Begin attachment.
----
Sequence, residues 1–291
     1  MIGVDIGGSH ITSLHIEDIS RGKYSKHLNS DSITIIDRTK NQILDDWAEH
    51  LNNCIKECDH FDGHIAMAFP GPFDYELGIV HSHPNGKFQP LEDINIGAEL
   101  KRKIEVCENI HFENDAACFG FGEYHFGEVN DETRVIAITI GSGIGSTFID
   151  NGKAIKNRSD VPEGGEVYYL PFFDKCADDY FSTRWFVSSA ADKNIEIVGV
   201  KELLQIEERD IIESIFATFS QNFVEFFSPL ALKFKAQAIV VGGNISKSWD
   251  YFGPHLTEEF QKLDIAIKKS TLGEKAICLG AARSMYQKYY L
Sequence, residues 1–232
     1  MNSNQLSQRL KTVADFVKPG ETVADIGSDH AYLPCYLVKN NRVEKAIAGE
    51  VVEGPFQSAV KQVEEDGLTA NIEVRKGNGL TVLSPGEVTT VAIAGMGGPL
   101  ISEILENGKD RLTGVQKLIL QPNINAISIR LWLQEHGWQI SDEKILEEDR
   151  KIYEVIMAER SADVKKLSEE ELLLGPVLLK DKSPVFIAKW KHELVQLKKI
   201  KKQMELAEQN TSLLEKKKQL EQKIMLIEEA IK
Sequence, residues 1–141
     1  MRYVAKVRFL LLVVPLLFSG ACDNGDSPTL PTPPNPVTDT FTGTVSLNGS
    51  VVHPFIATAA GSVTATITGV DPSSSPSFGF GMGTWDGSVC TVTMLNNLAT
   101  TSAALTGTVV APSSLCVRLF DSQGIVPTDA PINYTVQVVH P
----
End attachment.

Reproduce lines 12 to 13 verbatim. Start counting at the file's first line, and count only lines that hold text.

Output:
   151  KIYEVIMAER SADVKKLSEE ELLLGPVLLK DKSPVFIAKW KHELVQLKKI
   201  KKQMELAEQN TSLLEKKKQL EQKIMLIEEA IK